Abstract

In the 1960s, both high theory and popular culture used the Marquis de Sade to link concerns about violence and social repression with an investment in sexual repression in the psychoanalytic sense. While Sade's writings suggest the incompatibility of complete sexual freedom with political emancipation, this apparent contradiction was meant to vanish within a framework of general liberation. I argue that the idea of general liberation failed to account for the increasing differentiation of society. In the case of Sade in particular, the elision of the distinction between intimacy and sexual pleasure allowed—and continues to enable—the notion that sexual acts translate into liberationist politics rather than creating potentially insoluble social conflicts.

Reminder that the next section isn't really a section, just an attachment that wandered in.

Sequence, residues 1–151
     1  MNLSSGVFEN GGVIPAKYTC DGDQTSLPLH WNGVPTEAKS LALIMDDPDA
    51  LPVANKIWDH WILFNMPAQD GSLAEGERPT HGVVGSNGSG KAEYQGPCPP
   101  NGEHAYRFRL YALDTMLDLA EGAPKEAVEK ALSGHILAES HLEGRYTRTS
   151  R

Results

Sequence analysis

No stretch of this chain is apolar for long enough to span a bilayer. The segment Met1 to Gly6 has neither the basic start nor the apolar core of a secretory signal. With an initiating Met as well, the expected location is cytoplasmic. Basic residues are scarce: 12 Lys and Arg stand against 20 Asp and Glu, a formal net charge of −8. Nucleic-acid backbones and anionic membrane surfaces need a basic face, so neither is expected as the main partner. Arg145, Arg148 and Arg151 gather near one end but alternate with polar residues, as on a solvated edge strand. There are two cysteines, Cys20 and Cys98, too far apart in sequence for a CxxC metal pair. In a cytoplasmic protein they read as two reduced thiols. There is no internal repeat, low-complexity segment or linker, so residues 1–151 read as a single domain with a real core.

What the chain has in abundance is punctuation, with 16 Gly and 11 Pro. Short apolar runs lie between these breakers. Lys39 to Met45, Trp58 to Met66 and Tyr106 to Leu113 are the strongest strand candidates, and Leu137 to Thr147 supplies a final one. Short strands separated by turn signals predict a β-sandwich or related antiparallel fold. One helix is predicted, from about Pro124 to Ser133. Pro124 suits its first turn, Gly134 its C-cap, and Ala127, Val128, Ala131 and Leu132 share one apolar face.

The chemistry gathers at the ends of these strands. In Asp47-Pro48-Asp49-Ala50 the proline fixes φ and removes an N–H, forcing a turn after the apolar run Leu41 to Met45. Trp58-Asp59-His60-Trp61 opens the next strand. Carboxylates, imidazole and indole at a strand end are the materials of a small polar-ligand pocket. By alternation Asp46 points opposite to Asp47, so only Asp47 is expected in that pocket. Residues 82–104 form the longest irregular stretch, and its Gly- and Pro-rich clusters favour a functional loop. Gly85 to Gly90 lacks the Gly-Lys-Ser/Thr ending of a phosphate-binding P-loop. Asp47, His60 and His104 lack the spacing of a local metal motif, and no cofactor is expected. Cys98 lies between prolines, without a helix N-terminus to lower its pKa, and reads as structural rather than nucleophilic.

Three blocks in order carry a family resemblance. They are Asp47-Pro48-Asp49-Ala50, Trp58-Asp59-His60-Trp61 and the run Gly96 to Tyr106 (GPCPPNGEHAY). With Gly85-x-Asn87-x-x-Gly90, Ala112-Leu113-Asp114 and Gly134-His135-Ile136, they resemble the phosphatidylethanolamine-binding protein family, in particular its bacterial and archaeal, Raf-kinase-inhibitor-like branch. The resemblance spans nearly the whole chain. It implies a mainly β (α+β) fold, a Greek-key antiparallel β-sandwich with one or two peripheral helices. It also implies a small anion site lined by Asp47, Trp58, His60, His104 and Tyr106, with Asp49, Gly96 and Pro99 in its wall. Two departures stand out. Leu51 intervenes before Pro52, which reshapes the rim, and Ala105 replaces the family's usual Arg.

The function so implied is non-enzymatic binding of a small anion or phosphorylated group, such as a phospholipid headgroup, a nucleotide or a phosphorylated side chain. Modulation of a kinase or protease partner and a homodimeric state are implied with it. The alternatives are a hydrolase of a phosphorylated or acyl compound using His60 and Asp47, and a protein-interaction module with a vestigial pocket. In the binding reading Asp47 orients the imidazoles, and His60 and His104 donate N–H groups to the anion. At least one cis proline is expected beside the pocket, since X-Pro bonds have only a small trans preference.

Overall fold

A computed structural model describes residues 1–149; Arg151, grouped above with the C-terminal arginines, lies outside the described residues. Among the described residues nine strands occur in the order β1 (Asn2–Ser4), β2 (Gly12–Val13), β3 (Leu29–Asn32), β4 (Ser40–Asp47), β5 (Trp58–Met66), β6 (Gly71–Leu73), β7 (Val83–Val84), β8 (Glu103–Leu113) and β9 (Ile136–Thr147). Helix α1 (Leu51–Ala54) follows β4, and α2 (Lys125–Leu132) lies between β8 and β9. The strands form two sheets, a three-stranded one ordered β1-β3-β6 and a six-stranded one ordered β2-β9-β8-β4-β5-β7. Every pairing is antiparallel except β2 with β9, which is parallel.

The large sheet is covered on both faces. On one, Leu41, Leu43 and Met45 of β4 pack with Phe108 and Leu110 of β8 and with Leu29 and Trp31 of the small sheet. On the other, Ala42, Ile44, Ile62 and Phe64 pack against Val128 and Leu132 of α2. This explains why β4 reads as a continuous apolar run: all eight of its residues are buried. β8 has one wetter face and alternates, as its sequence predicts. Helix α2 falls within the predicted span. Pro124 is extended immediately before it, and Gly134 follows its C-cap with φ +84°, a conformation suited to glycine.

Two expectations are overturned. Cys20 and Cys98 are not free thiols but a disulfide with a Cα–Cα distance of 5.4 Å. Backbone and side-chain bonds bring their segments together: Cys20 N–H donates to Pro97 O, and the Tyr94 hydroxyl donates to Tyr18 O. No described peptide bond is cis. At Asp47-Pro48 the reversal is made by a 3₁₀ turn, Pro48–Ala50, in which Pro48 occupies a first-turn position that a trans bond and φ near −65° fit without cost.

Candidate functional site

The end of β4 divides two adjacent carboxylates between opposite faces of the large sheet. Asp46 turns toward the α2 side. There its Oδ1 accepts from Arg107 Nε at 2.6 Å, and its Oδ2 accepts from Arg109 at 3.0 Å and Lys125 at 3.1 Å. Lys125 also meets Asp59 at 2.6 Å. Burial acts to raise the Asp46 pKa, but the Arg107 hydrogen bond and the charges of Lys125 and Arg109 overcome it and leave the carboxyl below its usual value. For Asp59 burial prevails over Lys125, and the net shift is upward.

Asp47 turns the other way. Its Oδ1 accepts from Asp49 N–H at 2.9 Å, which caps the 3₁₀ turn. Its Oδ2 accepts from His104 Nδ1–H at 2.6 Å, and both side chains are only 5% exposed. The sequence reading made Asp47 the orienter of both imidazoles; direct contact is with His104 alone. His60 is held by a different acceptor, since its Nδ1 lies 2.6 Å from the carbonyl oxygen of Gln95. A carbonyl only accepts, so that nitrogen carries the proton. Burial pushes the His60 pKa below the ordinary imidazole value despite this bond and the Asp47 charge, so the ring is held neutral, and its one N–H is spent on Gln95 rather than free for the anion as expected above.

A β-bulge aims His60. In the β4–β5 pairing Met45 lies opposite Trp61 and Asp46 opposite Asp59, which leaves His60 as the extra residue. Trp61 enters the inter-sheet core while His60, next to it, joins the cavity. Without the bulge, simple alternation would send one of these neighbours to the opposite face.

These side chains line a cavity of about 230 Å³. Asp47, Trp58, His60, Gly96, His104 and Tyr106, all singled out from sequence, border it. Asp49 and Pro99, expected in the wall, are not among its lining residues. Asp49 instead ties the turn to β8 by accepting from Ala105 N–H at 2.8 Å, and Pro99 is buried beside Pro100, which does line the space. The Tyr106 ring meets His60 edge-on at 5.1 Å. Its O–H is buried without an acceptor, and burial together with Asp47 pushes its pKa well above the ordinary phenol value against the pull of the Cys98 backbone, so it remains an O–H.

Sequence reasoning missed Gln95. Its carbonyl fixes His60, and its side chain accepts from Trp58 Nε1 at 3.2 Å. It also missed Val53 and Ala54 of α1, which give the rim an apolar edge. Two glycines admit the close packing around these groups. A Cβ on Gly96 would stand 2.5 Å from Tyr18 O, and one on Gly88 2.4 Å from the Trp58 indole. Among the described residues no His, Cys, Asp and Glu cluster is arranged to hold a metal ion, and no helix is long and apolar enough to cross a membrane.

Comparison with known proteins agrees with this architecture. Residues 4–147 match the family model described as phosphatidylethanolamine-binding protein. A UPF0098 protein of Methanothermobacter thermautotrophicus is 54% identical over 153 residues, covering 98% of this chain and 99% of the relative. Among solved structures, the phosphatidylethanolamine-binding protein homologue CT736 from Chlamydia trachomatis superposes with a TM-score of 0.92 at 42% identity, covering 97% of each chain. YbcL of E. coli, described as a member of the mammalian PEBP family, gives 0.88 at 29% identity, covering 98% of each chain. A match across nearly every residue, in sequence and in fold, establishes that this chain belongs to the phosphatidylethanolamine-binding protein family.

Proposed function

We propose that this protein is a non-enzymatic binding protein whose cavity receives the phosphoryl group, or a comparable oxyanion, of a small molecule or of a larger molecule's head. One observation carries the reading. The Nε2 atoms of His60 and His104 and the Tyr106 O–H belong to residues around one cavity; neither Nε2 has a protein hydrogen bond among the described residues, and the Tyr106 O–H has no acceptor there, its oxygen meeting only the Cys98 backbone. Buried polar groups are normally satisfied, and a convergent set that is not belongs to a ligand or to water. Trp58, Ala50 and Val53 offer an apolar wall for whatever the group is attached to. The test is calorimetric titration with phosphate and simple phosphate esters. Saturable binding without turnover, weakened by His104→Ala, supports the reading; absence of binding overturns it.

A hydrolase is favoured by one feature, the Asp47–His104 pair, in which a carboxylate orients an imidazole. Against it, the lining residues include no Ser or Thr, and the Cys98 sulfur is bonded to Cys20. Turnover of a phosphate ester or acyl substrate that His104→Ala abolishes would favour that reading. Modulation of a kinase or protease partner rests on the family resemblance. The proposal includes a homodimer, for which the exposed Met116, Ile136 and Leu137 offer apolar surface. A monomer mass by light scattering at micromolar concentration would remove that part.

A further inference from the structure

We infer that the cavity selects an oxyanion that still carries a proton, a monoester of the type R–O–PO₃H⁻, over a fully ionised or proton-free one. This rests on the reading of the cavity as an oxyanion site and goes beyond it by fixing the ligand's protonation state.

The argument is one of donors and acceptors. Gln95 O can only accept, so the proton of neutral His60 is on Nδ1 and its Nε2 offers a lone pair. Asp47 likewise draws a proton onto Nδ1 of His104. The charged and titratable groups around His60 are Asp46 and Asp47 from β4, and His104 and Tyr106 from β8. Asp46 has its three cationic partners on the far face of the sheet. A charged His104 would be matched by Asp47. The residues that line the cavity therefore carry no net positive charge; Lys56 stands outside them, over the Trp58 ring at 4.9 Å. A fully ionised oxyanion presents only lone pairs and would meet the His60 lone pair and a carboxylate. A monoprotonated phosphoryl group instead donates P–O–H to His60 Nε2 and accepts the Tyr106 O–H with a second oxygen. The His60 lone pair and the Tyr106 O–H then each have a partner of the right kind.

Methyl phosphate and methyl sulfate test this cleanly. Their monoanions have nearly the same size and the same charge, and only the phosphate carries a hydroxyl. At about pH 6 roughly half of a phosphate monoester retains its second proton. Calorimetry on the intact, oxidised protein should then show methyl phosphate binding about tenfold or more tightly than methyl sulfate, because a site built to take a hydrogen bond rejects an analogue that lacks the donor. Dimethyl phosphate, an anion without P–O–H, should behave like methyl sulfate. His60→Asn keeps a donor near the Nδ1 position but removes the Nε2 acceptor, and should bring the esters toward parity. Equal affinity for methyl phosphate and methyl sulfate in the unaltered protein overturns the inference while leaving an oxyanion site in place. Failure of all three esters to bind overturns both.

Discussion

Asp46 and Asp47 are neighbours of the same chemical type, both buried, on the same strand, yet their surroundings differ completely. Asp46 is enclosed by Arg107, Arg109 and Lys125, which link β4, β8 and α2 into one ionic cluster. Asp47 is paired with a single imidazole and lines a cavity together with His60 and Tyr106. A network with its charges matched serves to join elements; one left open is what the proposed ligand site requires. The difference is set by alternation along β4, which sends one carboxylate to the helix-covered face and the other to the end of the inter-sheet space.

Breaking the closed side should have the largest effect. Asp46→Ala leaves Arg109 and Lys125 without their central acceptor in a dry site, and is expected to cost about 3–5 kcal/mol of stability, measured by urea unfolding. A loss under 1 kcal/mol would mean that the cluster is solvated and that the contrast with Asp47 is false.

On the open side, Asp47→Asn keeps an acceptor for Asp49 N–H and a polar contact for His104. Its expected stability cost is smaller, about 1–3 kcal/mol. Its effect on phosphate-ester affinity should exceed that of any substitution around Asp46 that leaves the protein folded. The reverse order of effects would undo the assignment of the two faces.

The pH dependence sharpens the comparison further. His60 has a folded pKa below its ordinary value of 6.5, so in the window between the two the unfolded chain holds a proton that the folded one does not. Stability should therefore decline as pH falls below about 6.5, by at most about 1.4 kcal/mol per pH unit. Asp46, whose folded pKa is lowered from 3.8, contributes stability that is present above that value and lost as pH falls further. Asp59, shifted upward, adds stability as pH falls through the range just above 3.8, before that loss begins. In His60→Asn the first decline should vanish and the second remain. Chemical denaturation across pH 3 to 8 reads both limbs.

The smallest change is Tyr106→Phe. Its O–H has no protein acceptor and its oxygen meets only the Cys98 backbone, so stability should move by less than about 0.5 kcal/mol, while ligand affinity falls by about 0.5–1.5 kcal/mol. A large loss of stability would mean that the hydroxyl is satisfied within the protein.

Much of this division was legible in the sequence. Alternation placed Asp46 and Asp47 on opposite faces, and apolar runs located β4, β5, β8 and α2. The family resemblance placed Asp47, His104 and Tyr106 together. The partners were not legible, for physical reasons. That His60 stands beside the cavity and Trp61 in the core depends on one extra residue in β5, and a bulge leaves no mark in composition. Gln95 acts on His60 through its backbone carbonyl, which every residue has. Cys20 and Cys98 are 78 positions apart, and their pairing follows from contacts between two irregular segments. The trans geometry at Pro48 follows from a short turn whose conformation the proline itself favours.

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Additional Information

ISSN
1080-6636
Print ISSN
0893-5378
Pages
pp. 351-379
Launched on MUSE
2006-02-10
Open Access
No
Archive Status
Ceased Publication
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